As a solution, a top-down approach starting with the Protoevangelium is essential to grasp God’s Plan of Salvation and understand related texts without biased interpretation. This objective perspective allows us to see the bigger picture and obtain a comprehensive and accurate understanding of God’s redemptive message. It is like utilizing the given “whole picture" as a guide while starting with the corner piece, allowing us to assemble the puzzle without distortion from any bias - the only best way to get to the right result. This method leads to a deeper and clearer comprehension of God’s message of redemption as intended.

Key Definitions:

The Decree of Creation - It stands as God's master blueprint for the entirety of His grand Creation project, analogous to a comprehensive plan for a new housing project. It encompasses every aspect of God's divine will, ensuring that all things will come to pass according to His benevolent and all-inclusive eternal decision. From the formation of galaxies to the tiniest of particles, the Decree of Creation reveals the divine orchestration behind the vast expanse of the universe.

The Salvation Plan is a divine decree crafted by God with love and compassion exclusively for the redemption of humanity. It is comparable to a “special housing complex” to cater to the “fallen humanity.” This plan is included in His eternal decree, based on His foreknowledge of the Fall.

Foreordain is a broader term that encompasses the specific predetermined mechanisms with details and aspects which God has predetermined for an instrumental purpose in the enactment of the Salvation Plan.

Predestination or Election is a restricted term within the context of God’s Plan of Salvation, referring to God’s selective choice of individuals for salvation, akin to choosing “divine” tenants for the “special housing complex for the fallen humanity.”

Understanding the Protoevangelium

a. The Meaning of Protoevangelium:

The Protoevangelium, meaning ‘first gospel,’ found in Genesis 3:15, serves as a pivotal passage after humanity’s fall in the Garden of Eden. It foretells the coming of a Redeemer who will triumph over evil and restore the broken relationship between humanity and God. The Protoevangelium lays the comprehensive foundation for Salvation history and offers hope and restoration for all. Therefore, examining its historical context and comparing it with other messianic prophecies, and salvific texts within the frame of Protoevangelium provides insight into unadulterated God’s redemptive plan and its significance for believers today.

b. The Two-Top Motif of Protoevangelium:

The two primary themes of the Salvation Plan are God’s righteous justice and loving kindness. These motifs will be evident in all aspects, details, and events as the Salvation Plan unfolds, from its beginning to its completion. After all, the Salvation Plan is about God choosing “divine tenants for the “special housing complex for the fallen humanity,” that is, saving individual sinners out of a pool of sinners.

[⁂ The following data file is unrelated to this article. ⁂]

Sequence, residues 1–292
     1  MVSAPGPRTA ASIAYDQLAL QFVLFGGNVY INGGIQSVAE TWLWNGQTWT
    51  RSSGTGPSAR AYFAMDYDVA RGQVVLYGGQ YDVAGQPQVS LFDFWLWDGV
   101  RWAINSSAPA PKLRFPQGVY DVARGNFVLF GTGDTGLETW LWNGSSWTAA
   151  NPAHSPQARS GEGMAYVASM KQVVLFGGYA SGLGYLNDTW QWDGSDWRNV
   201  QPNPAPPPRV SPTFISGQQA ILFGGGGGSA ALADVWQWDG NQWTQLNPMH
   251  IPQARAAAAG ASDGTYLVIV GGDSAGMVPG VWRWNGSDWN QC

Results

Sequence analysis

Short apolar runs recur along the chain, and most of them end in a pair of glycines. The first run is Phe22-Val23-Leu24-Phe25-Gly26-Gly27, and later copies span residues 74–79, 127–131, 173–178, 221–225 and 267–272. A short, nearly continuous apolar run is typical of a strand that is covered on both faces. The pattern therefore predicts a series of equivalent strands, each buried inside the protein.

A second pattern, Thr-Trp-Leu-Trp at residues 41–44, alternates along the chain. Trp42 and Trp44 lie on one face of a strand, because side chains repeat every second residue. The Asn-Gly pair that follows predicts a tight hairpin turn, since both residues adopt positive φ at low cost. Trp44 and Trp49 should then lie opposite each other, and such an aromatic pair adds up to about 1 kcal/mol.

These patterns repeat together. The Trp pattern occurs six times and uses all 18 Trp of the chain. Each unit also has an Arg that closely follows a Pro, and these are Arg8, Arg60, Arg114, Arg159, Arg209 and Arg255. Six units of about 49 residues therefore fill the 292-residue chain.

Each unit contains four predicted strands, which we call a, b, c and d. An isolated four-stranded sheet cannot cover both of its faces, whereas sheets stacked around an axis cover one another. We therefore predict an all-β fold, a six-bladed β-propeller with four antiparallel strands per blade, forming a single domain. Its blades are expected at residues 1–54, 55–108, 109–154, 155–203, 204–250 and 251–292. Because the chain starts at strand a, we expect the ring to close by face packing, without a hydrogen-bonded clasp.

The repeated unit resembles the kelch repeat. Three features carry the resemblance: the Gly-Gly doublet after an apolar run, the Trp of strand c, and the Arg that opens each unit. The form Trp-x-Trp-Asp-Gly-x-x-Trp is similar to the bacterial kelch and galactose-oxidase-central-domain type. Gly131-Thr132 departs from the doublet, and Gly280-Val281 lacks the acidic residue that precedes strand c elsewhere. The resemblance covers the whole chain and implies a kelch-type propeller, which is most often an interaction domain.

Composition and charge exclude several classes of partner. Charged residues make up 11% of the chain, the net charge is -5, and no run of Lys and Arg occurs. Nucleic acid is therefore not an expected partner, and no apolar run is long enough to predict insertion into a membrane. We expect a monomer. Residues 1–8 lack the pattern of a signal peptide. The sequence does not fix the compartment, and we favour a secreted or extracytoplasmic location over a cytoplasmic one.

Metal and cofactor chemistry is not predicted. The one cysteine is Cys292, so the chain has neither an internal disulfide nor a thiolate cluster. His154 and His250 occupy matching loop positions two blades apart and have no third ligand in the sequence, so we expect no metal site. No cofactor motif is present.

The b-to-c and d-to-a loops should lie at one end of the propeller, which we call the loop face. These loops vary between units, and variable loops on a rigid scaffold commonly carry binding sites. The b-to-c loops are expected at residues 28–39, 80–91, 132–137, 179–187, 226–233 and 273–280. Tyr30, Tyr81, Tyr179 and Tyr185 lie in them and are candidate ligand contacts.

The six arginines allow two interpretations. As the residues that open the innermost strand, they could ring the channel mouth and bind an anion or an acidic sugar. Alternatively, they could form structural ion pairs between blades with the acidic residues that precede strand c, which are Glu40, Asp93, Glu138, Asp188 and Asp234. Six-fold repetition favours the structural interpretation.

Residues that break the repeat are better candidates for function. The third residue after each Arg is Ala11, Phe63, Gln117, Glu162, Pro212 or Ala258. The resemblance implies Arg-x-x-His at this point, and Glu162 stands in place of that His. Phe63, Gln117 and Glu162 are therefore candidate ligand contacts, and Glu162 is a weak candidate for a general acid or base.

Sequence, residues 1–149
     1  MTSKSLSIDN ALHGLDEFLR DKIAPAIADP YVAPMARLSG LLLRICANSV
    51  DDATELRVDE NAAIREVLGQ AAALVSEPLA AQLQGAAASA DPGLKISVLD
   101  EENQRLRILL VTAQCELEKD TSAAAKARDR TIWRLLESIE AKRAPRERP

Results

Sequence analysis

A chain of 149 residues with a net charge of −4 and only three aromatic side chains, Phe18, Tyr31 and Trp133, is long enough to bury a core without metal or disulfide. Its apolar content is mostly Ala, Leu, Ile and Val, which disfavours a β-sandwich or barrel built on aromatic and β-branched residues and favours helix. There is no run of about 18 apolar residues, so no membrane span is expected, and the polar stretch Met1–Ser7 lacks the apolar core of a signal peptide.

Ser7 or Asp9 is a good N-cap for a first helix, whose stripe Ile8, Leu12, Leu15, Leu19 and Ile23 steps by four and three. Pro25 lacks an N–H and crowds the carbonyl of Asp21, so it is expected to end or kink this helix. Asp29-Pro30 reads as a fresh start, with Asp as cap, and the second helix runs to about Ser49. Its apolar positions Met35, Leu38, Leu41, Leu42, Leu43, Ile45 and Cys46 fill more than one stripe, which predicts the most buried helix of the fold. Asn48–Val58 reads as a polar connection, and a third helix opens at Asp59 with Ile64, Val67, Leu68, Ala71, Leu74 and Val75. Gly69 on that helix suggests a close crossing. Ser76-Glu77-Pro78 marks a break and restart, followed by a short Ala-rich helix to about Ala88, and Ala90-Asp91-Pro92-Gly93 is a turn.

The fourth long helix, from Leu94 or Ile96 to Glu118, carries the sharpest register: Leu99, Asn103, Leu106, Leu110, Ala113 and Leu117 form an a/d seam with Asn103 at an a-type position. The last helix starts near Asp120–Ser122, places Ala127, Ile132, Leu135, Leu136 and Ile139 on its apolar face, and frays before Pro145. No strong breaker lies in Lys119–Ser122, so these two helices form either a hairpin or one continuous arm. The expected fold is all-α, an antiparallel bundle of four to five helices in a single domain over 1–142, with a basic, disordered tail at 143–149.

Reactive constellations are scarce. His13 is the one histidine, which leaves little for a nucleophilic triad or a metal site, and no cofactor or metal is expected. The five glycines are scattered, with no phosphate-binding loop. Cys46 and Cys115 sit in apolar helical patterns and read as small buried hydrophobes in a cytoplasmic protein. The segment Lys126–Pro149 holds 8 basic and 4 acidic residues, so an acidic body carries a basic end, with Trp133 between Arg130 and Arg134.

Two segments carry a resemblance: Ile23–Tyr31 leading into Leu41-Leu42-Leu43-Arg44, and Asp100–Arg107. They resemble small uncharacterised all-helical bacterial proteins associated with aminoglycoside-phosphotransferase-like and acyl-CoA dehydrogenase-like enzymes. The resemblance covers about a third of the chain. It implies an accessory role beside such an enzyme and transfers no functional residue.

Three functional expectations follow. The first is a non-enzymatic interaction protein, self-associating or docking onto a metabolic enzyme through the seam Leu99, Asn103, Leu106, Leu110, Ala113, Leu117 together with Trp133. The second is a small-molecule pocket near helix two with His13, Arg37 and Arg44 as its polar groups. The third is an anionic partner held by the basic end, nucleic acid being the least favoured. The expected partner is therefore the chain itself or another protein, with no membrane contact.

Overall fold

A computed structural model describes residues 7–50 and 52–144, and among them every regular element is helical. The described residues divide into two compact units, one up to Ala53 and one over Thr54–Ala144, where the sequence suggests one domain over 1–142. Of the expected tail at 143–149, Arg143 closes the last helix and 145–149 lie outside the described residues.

The 'Two-Top Motif' is the fundamental basis for deciding the eternal destiny of individual sinners. Therefore, Election is not God arbitrarily or personally choosing individual destinies, but rather by “means” based on His attributes of righteous justice and loving-kindness.

c The Protoevangelium, the Logical Sequence:

The Protoevangelium, as the first announcement of God’s plan out of His “Agape Love,” follows the Fall in a logical sequence, with God offering a promise of a future Redeemer. Notably, it distinguishes that the Fall was not decreed by God that the Fall to occur; rather, it resulted from humans misusing their free will and rebelling against God's goodwill. Therefore, the Protoevangelium is based on God’s foreknowledge of the Fall. Understanding this distinction is vital in recognizing the logical connection between human actions, God’s foreknowledge, and the unfolding of His decrees. The Protoevangelium assures the hope of redemption after humanity’s fall in the Garden of Eden, and it offers a new paradigm for understanding the nature and meaning of Election.

d. The Progressive Protoevangelium, the Dividing Line for Redemption:

The Plan hangs on and hinges on the coming of the 'Seed of the Woman,' as mentioned in the Protoevangelium (Genesis 3:15). It unfolds progressively through world history intricately connected to His foreknowledge. It involves the elements of time, region, and trajectory.

The Plan unfolds in the regions and trajectories God ordained. It begins near the East of Eden toward the "end of the world,” affecting people along its path. This divine Plan can be likened to Ezekiel's vision of 'Water flowing from under the Temple, which brings life to those in its path' (Ezekiel 47:1-5; Revelation 22:1-2). Like a life-giving river flowing through barren lands, it unfolds over time and space, touching the lives of sinners near its unfolding. In the Bible, The Plan unfolds following these two elements as God directs and guides human agents involved, for example, Abraham to the Promised Land, Israelites to Egypt, Bethlehem, Jerusalem, Paul to Europe, etc.